Coriander, also called cilantro, is one of the herbs you may think of primarily as a garnish. But it has much more to offer than just a little green leaf on your plate—it’s also got roots! Some people know this coriander root as coriander seeds.
But there are two different kinds: fresh and dried.
This article will tell you everything you need to know about coriander roots, including the types.
With this newfound knowledge, you can impress your friends next time you’re out for dinner or at the store.
With that said, let’s begin.
Benefits Of A Coriander Root
Coriander is used as a digestive remedy.
It has carminative and anti-spasmodic properties that can help relieve flatulence and other digestive problems.
Coriander is also used to reduce inflammation, improve blood circulation and help with skin health issues such as acne or eczema.
Uses Of A Coriander Root
Coriander is an essential ingredient in many cuisines worldwide.
It’s used in Asian, Indian, Middle Eastern, Mexican, South American, and European cooking.
You can find it in soups, stews, curries, and other spicy dishes.
In the U.S., it’s most commonly associated with making guacamole.
Coriander can also be used to make a tea that tastes similar to lemonade or ginger ale.
In addition, it has been shown to help reduce symptoms of indigestion when taken before meals.
So try this remedy if you’re suffering from heartburn or acid reflux symptoms after eating spicy foods!
Nutrition: What You Get From Coriander Root
Coriander is a good source of vitamins and minerals.
It provides over 150% of your daily recommended intake of vitamin C. And you get more than half that amount in manganese and potassium.
It contains significant iron, magnesium, phosphorous, copper, zinc, and riboflavin.
Side Effects Of Coriander Root
Coriander is generally considered safe for most people. But it can cause specific side effects. Let’s go through some of them:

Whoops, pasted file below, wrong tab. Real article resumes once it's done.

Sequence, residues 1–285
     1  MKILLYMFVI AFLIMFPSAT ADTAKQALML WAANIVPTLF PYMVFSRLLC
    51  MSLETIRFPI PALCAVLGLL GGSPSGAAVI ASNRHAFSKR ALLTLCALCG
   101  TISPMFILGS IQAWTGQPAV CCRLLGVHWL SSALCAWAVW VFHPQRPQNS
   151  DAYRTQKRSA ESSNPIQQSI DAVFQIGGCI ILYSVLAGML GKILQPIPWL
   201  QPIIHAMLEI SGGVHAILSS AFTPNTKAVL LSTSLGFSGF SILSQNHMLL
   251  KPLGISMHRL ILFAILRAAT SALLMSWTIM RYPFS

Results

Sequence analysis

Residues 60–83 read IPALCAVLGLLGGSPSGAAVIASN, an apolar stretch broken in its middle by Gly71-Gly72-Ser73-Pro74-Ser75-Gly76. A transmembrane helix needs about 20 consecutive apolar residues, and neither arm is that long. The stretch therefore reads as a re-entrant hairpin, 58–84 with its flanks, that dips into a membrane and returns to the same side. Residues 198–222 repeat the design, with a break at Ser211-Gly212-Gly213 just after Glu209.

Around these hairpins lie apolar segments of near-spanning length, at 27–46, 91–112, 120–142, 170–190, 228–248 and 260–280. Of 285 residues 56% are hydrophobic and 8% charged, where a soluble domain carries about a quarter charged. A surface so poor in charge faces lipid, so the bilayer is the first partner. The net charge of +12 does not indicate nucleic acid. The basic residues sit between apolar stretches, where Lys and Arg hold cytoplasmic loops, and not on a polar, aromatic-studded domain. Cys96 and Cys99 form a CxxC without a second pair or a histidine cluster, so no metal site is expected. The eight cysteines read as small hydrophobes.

- If pregnant or breastfeeding, talk to your healthcare provider before using coriander.
- If you have an allergy to coriander, don’t use coriander.
- Don’t use this herb if you have anemia.
Coriander Root Offers Much More Than Flavor
Coriander is a staple in Thai cuisine, but it’s not just for flavoring.
It contains several nutrients that can benefit your health and overall wellness.
Coriander contains vitamin C, which supports healthy bones, teeth, and gums.
It also provides some vitamin B6 and potassium, essential for heart health.
In addition to its vitamins, coriander is high in dietary fiber and iron.
This help maintains regular bowel movements by helping food pass through your system more efficiently.
Related: Papaya Salad Calories: How Much is There in One Serving?
Coriander root has many benefits and is an essential part of Thai cuisine. However, it has many other uses that you might not expect.
For example, it can be used as an alternative to ginger or cinnamon in cooking or baking.
Its essential oils are effective at treating coughs and colds. However, it comes with several side effects if taken excessively or improperly.
For example, you could get nausea and vomiting, so it’s best to consult your doctor before trying anything new!